Highly qualified staff
Quality outdoor experiences are even more beneficial when led by camp leaders who know their stuff.
Avid4 Adventure employees are at least 18, but most are 26 or older, with bachelor’s degrees and exciting resumes, says McDevitt. “All of them have at least certifications in CPR and first aid, and some have advanced Wilderness First Responder or EMT training. Before the camp starts, they also go through our extensive training to improve their leadership skills, risk management techniques and youth development strategies,” she says.
Avid4 Adventure instructors not only share an authentic passion for outdoor adventure, but are gifted at encouraging kids to learn and have fun. “You can always put risk-averse kids in a situation and they could walk away with a terrible experience if there’s no empathy. Our staff know how to establish open communication and say it’s okay if you don’t feel comfortable trying something, but they will support you at any level that makes you comfortable,” explains McDevitt. “Their certifications give parents peace of mind, but our teachers also live and breathe what they teach.”
Cultivate more than outdoor adventures
Along with some wonderful outdoor skills and a love and respect for the outdoors, Avid4 Adventure Campers often take some unexpected benefits from their experiences. By taking risks in a safe environment, children learn that they are resilient.
“It’s not so much about learning that it’s okay to scrape your knee, but over the course of the process you learn that you’ve pushed yourself to the point where you might have failed, but strengthened from it emerged. That’s the key piece,” says McDevitt. “You fall and get back up, and then you’re less likely to fall again. This process builds up grit in children. They learn that they can push through the tough stuff and are more willing to try again and try something new next time.”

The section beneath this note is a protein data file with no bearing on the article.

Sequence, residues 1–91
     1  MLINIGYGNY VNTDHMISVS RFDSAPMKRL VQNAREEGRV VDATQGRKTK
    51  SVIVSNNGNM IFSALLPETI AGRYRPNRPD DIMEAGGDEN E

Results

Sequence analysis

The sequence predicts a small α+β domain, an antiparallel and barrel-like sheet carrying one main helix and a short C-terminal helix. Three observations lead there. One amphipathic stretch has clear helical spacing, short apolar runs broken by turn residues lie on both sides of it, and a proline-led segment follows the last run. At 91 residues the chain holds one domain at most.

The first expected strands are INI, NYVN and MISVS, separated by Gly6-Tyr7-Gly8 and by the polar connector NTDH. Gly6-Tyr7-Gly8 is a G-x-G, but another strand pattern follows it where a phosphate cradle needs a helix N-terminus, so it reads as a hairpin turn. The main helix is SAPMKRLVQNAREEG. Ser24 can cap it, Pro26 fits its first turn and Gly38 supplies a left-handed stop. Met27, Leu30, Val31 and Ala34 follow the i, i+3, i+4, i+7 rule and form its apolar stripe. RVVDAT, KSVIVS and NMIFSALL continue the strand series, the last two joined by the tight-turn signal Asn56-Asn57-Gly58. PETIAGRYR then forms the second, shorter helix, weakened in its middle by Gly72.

Camp leaders also take on the role of mentoring children, paving the way for children to achieve things they didn’t even know were possible. “It’s great when young children see people doing things that they didn’t know were opportunities for them. They learn that you can play outside and have a career as an outdoor educator, that there are jobs that don’t just take place in the office from nine to five, but can still make an important contribution,” she says.
Equally important, children learn the value of giving and receiving support in a non-competitive way. “Traditionally, in sport, the focus has been on competition and victory. In the outdoor adventure space, you do your best, and we translate that into the group environment,” says McDevitt. “In the groups we see friends who want each other to be successful. Kids build these very empowering connections to each other that come from seeing their friends do the best they can.”
Learn more about Avid4 Adventure Summer Day Camps in Lake Forest at avid4.com/illinois-summer-camps.